Valve timing

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how do you know its not one of the other "usual suspects"
compression (rings and valves sealing) ?
valve timing ?
ignition (getting a hot spark) ?
ignition timing ?
carburation (needle valve, throttle, gas flow) ?

after going through "all the usual suspects" I recently solved a non-starting
problem with some automotive starting fluid (AKA ether), turns out my arm
is no longer strong enough to flip the prop fast enough :) !

FYI Atkinson Differential engines are notoriously hard to get running, that one's not your fault !!!
 
Play with valve timing Gordon! Looks like your cam lobes are separate from the shaft and anchored by set screws to it. If so, you can retard the valve timing with the same or tighter overlap between in/ex lobes. This helped my engines from spit back thought the carb with marginal overlap, resulting in easier start-ups as well as late valve timing for low idle speeds.
 
Gordon,
For comparison, the Nash setup is
Intake opens 10 degrees after TDC
And closes at 10 after BDC (10-190)
Exhaust opens 40 before BDC and
closes at TDC (140-0)
Spark at 5 degrees before TDC.
So, cylinder 1
Int 10-190
Exh 140-0
Spark 355
Cylinder 2
Int 190-0
Exh 320-180
Spark 175
Probably similar speed range engines.
Hope this helps.
Doug
 
OK Some things to try. I am thinking that Steve's remarks about needing a higher starting speed may be on point. I am not sure if more or less overlap would make it start at a lower RPM. I have noticed that I seem to come closer to starting at higher RPM but to increase the RPM I need a faster drill motor than I have been using.

The cams are indeed mounted to the shaft with set screws so I have a lot of latitude for changes. I have been using a lost spark ignition and the ignition seems to fire well. I basically used a lot of the design of the Upshur so I may have been too reluctant to make changes on a "proven" design.
 
Ok like Steve said here's my 2 cents worth. Everything Steve said I would have said. With all the components of I.C. engine operation correct, compression, fuel/air and ignition timing. then you should be good to go. Here's what I do when starting a new or unknown engine. Close the carb needle valve then open about a quarter to a half turn. Crank the engine over. If there is no response then tap you finger to the carb opening (choke) If everything is good it should try to start and run. If not open the needle a tiny bit more and repeat. At some point the engine should fire and run. My 302 V-8, Flathead Ford V-8 and V-twin are all set for 30 degrees timing. My Holt is about 15 but then again it idles very slowly. Starting off at anywhere from 10-15 degrees should get you in the ballpark.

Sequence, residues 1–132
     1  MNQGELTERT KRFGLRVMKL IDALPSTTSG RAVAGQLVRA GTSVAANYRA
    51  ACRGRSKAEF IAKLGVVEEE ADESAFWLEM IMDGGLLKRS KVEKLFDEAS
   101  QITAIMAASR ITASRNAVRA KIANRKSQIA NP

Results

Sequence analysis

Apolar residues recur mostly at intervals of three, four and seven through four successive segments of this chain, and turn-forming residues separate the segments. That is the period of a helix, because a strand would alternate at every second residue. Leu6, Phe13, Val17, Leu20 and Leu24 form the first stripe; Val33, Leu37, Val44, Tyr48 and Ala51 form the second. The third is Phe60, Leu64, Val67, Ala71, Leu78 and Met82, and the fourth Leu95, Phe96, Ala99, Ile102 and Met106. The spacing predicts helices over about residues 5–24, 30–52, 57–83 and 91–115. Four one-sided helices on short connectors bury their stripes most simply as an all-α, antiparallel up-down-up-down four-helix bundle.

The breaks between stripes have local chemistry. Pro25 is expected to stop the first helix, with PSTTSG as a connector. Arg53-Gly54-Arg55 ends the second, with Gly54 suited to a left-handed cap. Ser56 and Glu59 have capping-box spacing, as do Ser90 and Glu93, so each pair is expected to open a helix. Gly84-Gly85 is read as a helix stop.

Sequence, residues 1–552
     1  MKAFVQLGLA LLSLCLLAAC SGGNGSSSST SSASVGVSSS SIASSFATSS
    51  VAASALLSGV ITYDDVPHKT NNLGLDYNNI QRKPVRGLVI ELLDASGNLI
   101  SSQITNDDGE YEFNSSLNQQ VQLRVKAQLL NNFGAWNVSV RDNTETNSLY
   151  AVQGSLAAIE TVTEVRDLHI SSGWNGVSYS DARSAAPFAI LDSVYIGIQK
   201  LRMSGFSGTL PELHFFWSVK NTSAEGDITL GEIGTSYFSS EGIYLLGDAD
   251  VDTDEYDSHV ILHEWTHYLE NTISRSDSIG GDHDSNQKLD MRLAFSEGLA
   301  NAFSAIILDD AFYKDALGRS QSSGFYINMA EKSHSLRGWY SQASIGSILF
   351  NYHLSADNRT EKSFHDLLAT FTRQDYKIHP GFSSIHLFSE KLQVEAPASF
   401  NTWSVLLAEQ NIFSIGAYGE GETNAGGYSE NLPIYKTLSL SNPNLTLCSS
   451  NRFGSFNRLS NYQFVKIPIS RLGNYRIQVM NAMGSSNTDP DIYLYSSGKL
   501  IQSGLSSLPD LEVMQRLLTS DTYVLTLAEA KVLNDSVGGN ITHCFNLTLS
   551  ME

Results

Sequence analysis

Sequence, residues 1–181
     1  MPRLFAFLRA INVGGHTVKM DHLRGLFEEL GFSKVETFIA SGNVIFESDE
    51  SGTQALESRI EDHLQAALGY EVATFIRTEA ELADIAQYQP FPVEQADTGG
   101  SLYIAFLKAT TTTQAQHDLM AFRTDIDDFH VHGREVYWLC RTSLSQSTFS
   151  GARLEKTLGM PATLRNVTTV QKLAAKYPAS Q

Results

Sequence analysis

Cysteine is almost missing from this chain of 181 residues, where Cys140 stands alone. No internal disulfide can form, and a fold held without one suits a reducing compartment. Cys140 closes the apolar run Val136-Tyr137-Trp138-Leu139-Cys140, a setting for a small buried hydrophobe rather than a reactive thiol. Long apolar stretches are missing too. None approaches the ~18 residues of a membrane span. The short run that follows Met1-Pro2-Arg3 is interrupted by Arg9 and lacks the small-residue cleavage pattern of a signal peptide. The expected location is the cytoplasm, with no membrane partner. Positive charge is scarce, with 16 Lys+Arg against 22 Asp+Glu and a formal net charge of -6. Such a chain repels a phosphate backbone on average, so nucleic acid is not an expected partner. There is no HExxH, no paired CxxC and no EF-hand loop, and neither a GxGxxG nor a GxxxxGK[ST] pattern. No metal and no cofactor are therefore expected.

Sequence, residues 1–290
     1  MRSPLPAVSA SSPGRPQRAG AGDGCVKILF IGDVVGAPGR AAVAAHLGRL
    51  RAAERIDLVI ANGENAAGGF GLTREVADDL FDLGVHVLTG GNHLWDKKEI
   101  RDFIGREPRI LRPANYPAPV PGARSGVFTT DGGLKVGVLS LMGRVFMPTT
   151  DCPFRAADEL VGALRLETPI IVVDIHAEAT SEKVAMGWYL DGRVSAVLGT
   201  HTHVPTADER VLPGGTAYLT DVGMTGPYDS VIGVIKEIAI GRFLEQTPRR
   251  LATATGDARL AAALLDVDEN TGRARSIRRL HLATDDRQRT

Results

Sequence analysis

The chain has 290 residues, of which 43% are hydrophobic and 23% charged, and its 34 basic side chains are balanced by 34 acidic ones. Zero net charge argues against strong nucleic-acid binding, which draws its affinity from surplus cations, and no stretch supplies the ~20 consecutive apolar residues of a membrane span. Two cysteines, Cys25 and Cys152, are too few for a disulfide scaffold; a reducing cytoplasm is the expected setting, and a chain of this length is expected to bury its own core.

I have been using a lost spark ignition and the ignition seems to fire well
It may be firing well, (whatever that means) but all I see are two induction fully open at the same time, so your "wasted spark is up the creek without a paddle".
As earlier requested, a photo showing the internal crankshaft thanks.......
 
Hi @Gordon .
Another silly question :
Have you checked the rotation direction of the camshaft and crankshaft?
Setting up the cam lobe will depend on it
 
As Bluejets stated, your picture shows both intake valves open at the same time.
I have seen a horizontal opposed twin "2 stroke" outboard firing as a single but wait to see your crank photo.
 
I built an Atkinson differential and could not get that to run for more than about one minute, then I built the Upshur twin and could not get that to run so I tried the upscaled twin and whatever my problem was with the Upshur followed me. In the meantime I built three Perkins for someone else and a Corliss and several other side projects so all of my projects have not been a disaster.